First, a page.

Wednesday, March 12, 2014

IHRC: World Can No Longer Ignore North Korea's Appalling Human Rights Record

Members of the International Human Rights Committee have long been concerned with the human rights situation in North Korea (DPRK). In 2012, the Committee submitted a proposal for a program at the London Fall 2013 meeting to explore whether human rights violations in the DPRK amounted to crimes against humanity. With the help of the Committee for Human Rights in North Korea that program occurred. David Hawk, former executive director of Amnesty International and seasoned human rights investigator, summarized his findings on the DPRK concentration camp system including years of research showing the torture, execution and other gross human rights violations which occur within the camps. His presentation was supported by satellite imagery which showed the location of and changes within the camps – even though the DPRK persistently denies their existence. 

Based on the work of Hawk and others, the situation in the DPRK earned the attention of the United Nations Human Rights Council. On February 7, 2014, it released its Report on the Detailed Findings of the Commission of Inquiry on Human Rights in the Democratic People’s Republic of Korea (A/HRC/25/CRP.1) The Report was issued after the Council established a Commission of Inquiry in March of 2013 to investigate the human rights abuses that have occurred in the DPRK. In addition to meeting with the representatives of various governments, the Council conducted public hearings and more than 240 confidential interviews. 


The Report documents, among other violations, mass suppression of freedom of expression, widespread discrimination, torture, forced abortion and infanticide, monopolization of food access, public executions and enforced disappearance and the maintenance of political prison camps. In its report of nearly 400 pages, the Council concluded what many working on the DPRK problem already knew, namely that human rights abuses have been occurring in that country on a mass scale for decades. The Report concludes that “Systemic, widespread and gross human rights violates have been, and are being, committed by the [DPRK], its institutions and officials. In many instances, the violations of human rights found by the Commission constitute crimes against humanity.” The Council also concluded:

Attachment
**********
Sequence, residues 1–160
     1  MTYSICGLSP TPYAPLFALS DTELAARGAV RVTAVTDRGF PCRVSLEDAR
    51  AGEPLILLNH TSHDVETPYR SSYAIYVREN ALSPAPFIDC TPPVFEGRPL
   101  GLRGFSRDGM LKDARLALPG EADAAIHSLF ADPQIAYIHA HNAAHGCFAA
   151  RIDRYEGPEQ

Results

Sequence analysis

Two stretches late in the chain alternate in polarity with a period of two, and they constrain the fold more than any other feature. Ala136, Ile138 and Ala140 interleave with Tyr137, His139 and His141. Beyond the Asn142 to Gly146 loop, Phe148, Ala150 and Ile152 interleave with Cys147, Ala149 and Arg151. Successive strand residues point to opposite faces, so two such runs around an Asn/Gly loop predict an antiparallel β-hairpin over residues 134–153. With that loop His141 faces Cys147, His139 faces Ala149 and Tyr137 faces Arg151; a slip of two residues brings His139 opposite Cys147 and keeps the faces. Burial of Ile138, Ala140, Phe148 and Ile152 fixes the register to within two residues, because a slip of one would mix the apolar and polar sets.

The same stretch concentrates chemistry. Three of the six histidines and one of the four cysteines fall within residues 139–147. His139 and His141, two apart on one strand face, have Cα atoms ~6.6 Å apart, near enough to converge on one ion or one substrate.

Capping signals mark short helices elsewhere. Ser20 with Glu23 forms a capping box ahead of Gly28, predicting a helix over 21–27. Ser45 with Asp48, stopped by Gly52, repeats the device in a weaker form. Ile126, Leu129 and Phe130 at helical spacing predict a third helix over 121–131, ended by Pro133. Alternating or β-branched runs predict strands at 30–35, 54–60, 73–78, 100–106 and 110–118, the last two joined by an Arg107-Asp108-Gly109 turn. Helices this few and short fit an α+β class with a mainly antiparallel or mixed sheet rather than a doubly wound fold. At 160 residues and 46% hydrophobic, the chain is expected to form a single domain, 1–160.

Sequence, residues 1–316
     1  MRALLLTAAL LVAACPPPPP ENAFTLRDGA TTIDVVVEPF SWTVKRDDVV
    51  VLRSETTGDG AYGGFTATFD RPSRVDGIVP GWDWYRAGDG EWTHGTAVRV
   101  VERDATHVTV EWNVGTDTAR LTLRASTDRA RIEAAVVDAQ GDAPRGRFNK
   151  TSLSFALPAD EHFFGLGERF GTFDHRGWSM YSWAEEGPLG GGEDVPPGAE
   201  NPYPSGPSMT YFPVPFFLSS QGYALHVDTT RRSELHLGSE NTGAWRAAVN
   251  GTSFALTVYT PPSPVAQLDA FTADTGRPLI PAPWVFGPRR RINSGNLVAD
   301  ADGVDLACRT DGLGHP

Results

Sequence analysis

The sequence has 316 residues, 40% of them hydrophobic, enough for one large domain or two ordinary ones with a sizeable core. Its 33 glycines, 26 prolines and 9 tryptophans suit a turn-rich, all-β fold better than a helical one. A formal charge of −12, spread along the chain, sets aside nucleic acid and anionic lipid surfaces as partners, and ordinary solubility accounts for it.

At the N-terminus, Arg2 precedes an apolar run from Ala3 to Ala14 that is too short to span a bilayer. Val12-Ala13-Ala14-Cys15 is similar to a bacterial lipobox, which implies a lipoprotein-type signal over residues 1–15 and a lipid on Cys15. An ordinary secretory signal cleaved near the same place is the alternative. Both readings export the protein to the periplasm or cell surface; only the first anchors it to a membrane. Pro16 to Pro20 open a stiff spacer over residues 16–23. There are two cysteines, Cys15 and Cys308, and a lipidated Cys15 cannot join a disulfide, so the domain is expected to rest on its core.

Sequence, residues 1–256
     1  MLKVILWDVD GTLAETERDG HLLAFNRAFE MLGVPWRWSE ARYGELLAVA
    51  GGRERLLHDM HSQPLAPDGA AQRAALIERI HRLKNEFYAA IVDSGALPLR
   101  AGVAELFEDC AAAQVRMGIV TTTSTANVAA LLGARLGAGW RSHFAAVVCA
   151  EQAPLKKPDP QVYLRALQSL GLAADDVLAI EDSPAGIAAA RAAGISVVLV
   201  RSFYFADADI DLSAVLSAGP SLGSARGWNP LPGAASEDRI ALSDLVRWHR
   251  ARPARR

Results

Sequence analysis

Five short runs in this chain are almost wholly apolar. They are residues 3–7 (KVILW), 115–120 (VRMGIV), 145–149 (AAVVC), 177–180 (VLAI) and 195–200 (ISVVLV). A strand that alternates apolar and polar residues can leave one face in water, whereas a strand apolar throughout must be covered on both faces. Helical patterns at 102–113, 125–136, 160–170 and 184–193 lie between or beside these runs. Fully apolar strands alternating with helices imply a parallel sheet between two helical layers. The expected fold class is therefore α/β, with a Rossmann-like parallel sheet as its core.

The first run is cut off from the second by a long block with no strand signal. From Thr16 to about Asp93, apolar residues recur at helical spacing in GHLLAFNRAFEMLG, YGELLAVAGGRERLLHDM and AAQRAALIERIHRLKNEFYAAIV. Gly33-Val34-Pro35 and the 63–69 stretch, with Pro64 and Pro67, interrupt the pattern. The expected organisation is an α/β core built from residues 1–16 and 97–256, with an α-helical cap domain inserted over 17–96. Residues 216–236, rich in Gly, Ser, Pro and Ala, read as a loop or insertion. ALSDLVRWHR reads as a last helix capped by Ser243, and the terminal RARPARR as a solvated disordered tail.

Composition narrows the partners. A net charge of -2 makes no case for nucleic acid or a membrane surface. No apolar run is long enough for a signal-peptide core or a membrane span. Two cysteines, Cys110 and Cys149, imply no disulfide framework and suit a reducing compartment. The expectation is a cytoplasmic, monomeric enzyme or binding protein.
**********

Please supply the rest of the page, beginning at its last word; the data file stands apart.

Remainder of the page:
The gravity, scale and nature of these violations reveal a state that does not have any parallel in the contemporary world. 

The Council propounded lengthy recommendations to the DPRK and other states, including China. In particular, the Council recommended that China cease the policy of forcibly repatriating individuals to the DPRK and that it and other states extend asylum to those from the DPRK that are within its borders. The Council recommended that the Security Council refer the DPRK situation to the International Criminal Court and adopt targeted sanctions against the perpetrators. 

For those suffering in the DPRK, the Report is a long awaited recognition by an international body of the long-standing human rights violations in that State. The International Community should not continue to ignore the human rights situation in the DPRK and should not allow the DPRK’s nuclear bluster to force attention away from these problems. The International Community should follow the recommendations of the Report and support a referral of the situation to the International Criminal Court (ICC). As a world power, China should recognize its ability to exercise leadership in this situation. It should take the first step by extending asylum to DPRK citizens who escape into China and the next by supporting a referral of the matter to the ICC. North Korean leader Kim Jong-un should break the cycle of abuse created by his grandfather and perpetuated by his father and immediately initiate reforms. 

The suffering of the DPRK population tests the strength of international law and the limits of sovereignty. It is difficult to imagine how a State could violate fundamental human rights worse than what the DPRK has done with impunity for decades. If international law cannot affect a change for the people of the DPRK, one can’t help but wonder whether it has any teeth at all. 

-Gregory W. MacKenzie, Esq.

Gregory W. MacKenzie is a Partner at Hurley, Toevs, Styles, Hamblin & Panter, P.A. (Albuquerque, NM) and an active member of the ABA Section of International Law, International Human Rights Committee.

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